Monica Houghton

Composer Monica Houghton at work on the piano.

Composer Monica Houghton at work on the piano.

Photo/Kent Irwin

For more information, visit www.monicahoughton.com.

When she was living in Cleveland, Ohio, studying to become a composer, Monica Houghton found that what she missed most about Nevada was its blue skies, wide open spaces and grandiose mountains. She had gone to Ohio initially with a specific project in mind: an opera set in Virginia City, based on the writings of Mark Twain and Dan DeQuille. She finished that opera, The Big Bonanza, and found that she had to return to Reno, the place where she found the most inspiration from nature.

Houghton grew up in a musical family. At first, she resisted learning piano, being forced into lessons at age 6. All it took was a Bach fugue and a Beethoven sonata for her to truly awaken to music.

“That was when the lights came on,” said Houghton.

Growing up in the 1960s also provided Houghton with a diverse range of music that opened her eyes to strange possibilities. Everyone from Joni Mitchell to the Beatles to Jimi Hendrix fascinated Houghton and allowed her to imagine less orthodox ways of putting sounds together, an orientation that would reveal itself in her work decades later.

Although music has always been a part of her life, Houghton has only been composing for the last 20 years. Locally, her work has been performed everywhere from the University of Nevada, Reno, to the Nevada Museum of Art. It has been performed in Ohio and Oregon, and as far away as Shanghai.

Houghton is inspired, as she puts it, by the “Three Bs”: Bach, Beethoven and Brahms, but her work itself isn’t strictly classical. Her compositions are moody, elemental meditations that are alternately cacophonous and harmonious, at times ethereal, always striving for a wide range of sound and feeling. Most of her works are written for relatively small arrangements of strings, woodwinds and piano. These pieces are mind-bending explorations of tone. They can be everything from serene to downright terrifying.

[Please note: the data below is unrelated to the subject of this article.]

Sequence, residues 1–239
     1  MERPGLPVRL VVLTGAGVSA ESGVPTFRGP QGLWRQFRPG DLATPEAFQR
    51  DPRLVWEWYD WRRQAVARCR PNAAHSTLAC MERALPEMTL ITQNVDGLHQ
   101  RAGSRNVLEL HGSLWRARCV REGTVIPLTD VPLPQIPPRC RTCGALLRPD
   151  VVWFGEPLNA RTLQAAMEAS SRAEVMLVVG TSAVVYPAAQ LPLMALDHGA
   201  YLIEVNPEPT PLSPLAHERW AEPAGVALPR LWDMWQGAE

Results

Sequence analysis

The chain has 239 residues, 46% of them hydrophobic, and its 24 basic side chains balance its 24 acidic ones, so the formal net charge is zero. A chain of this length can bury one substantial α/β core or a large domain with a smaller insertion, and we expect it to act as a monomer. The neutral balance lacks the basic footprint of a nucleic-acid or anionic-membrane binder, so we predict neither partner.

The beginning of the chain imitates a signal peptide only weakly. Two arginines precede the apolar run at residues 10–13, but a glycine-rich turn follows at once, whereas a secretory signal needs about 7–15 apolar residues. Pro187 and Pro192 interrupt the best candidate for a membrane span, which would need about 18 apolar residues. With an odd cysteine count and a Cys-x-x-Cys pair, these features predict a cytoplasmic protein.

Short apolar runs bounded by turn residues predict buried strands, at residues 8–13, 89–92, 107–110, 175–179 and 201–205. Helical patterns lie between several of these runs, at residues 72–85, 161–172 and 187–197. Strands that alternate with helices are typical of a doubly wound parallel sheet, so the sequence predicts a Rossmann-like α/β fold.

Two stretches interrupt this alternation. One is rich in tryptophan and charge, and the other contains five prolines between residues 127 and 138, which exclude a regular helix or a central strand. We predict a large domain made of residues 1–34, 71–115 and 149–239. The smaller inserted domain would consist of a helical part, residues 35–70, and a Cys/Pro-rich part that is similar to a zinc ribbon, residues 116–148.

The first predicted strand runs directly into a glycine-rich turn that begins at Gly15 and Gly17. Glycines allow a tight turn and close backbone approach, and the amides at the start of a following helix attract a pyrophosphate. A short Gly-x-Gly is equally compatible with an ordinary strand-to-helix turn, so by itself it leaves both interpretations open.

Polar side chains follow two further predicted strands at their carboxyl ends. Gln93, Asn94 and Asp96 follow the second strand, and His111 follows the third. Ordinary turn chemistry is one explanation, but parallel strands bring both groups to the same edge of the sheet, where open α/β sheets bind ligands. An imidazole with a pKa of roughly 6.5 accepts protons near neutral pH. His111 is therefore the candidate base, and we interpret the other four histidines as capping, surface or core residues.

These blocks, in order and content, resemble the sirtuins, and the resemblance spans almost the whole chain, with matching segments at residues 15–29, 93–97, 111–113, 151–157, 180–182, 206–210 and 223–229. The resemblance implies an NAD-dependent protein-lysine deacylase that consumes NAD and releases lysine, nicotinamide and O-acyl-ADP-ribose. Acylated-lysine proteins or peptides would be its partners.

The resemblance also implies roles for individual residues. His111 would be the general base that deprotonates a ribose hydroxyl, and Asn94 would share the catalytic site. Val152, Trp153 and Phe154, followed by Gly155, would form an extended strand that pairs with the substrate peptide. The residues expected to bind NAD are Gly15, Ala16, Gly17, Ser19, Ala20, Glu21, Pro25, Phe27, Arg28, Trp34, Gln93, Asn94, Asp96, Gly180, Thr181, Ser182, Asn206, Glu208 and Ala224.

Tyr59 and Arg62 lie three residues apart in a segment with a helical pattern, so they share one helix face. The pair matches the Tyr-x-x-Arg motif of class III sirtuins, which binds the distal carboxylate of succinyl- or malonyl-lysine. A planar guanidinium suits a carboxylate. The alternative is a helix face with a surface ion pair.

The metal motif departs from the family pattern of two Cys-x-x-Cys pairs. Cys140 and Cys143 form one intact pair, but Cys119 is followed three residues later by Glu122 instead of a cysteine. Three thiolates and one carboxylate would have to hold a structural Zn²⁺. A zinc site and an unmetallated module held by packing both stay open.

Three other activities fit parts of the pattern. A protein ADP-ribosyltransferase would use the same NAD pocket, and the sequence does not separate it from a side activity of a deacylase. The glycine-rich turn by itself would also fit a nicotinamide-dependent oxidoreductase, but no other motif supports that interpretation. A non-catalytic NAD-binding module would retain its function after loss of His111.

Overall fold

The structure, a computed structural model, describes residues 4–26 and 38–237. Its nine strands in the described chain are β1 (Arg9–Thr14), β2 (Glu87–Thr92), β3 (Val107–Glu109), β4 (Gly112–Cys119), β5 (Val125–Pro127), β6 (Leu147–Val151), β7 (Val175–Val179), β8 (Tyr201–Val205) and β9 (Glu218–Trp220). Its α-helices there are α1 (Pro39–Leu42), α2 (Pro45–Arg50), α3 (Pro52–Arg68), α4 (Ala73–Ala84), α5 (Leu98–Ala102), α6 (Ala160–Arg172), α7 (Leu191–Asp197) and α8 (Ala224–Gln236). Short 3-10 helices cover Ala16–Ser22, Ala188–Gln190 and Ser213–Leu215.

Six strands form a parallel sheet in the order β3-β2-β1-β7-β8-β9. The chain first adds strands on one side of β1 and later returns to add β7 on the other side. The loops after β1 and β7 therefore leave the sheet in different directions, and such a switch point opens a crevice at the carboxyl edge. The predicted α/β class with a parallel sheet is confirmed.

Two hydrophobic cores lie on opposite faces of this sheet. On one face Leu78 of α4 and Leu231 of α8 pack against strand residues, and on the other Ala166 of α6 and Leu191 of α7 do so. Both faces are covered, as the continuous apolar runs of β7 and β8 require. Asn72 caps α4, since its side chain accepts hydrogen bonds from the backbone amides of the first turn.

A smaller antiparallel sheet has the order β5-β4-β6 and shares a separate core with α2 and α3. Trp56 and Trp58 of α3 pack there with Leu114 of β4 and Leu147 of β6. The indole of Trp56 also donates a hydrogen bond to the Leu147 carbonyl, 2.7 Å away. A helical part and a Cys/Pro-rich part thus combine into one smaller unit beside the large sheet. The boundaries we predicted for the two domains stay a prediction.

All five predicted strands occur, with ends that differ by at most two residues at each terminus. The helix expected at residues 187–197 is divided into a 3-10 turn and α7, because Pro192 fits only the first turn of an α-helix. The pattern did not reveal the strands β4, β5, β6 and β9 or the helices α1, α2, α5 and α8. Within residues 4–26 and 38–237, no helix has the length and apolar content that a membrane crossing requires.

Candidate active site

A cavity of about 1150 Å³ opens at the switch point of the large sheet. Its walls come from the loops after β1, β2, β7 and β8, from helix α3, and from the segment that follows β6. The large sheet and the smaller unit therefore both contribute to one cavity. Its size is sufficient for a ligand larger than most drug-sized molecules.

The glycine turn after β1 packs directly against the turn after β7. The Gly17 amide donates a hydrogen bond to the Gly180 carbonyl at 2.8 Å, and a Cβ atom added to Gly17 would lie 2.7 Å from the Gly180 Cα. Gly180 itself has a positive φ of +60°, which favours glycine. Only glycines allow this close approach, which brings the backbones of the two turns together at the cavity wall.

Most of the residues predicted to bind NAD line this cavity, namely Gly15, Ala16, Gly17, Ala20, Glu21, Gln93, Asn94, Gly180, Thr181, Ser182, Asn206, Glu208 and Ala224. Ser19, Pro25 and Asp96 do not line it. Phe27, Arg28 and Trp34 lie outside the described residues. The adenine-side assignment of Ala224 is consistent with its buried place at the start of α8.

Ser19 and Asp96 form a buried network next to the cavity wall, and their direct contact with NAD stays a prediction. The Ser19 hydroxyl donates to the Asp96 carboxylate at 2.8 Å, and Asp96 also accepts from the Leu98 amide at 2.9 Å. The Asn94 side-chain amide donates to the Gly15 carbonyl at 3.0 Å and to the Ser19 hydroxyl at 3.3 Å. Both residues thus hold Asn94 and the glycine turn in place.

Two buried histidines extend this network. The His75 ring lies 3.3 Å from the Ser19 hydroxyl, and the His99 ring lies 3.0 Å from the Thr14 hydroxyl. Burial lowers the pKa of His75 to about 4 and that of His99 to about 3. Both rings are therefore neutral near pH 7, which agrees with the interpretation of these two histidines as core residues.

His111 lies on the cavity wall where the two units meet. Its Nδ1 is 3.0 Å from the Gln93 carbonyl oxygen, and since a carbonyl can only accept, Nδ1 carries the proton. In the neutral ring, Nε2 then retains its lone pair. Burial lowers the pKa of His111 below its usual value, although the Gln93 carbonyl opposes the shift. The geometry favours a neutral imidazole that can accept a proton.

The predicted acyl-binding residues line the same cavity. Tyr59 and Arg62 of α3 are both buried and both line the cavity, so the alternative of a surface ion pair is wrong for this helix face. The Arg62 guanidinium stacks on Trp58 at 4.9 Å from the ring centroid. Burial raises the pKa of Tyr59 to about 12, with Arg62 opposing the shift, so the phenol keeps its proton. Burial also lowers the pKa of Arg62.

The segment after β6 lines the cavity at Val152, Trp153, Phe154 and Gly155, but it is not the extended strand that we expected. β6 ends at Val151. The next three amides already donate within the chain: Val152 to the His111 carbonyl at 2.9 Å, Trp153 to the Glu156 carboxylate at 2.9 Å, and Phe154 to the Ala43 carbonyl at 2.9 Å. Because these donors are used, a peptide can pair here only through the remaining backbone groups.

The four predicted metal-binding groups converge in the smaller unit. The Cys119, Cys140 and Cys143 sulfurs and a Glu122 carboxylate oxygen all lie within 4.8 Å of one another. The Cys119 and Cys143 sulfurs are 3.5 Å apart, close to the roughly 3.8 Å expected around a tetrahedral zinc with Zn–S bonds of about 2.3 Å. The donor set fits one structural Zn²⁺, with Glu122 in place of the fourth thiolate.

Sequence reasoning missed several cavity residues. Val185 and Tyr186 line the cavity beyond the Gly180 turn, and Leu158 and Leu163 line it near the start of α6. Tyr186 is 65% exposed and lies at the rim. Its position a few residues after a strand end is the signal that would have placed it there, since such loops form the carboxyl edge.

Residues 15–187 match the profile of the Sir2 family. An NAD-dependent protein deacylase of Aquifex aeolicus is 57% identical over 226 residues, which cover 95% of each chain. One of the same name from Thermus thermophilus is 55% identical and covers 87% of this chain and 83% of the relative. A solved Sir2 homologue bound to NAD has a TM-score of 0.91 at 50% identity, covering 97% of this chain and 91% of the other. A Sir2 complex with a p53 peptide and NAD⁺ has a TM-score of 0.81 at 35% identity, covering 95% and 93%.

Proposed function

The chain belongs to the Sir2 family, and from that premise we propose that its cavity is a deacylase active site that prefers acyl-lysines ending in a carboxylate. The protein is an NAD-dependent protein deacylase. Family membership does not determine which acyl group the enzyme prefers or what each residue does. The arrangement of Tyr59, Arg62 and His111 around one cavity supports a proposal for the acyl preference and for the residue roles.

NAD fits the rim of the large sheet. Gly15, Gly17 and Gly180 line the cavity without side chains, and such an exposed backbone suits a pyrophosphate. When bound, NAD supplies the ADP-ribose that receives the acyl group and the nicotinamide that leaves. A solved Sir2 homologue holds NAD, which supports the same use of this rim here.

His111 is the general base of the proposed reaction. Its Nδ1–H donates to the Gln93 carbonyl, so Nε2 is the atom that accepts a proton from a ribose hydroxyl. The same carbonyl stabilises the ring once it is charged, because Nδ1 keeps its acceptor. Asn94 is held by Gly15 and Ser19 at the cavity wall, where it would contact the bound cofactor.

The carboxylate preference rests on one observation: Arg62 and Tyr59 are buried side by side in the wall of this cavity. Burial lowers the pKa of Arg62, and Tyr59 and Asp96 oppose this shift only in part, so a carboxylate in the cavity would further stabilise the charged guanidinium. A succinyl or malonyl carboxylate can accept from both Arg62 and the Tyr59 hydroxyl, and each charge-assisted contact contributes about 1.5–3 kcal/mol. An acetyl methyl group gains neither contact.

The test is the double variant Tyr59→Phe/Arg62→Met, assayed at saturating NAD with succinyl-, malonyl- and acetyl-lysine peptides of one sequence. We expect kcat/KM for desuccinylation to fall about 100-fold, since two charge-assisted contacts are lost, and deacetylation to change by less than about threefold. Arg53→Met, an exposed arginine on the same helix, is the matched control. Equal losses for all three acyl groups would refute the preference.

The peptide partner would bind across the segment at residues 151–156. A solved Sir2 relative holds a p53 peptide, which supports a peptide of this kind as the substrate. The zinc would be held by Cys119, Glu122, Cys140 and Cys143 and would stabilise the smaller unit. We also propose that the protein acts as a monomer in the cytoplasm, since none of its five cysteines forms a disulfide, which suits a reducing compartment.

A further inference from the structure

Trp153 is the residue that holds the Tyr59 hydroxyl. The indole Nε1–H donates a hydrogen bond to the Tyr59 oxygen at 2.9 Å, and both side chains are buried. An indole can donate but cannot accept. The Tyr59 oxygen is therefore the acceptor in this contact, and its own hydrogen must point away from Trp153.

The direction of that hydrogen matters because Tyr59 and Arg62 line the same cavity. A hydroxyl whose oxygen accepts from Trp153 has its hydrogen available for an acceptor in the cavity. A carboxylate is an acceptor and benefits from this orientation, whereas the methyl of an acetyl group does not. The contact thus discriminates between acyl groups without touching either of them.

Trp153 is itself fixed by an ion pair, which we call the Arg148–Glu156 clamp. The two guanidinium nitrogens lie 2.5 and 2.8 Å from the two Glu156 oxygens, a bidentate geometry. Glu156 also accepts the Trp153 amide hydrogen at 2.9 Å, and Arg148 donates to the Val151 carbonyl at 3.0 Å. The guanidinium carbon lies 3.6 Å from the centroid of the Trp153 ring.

“People have described it as haunting, evocative,” said Houghton. “But I never try and consciously address a feeling through my work. How do I put it in words? It feels something like Tom Hanks in Castaway, pounding on his chest, saying ’I have made fire!’”

Evading categorization is somewhat stock-in-trade for musicians of all kinds, but listening to Houghton’s work, it’s clear that her style attempts to push the boundaries. She uses discord in novel ways, by transforming something discordant into something melodious, and then turning it back again. Things that are initially menacing, ominous or creepy can turn into something pretty, and vice versa.

“The one thing I would say unites my work is a sense of spirituality,” said Houghton. “I see music as a way to transcend the individual. Music brings people together.”

For someone so interested in wide open space, Houghton’s music can often feel very claustrophobic. The cluttered elements provide contrast with more contemplative, spacious arrangements that incorporate many different world influences. Graduating from Harvard with a degree in Chinese Language and Literature imparts some Eastern influences on her style that can be heard from time to time.

An avid hiker, Houghton recently returned from walking coast-to-coast from the Irish Sea to the North Sea in England. In music and in life she chooses to walk down unfamiliar paths, just to see where they end up. Of her compositions, Houghton has said that she prefers to explore regardless of the result.

“Often it goes nowhere,” said Houghton. “But sometimes it goes somewhere.”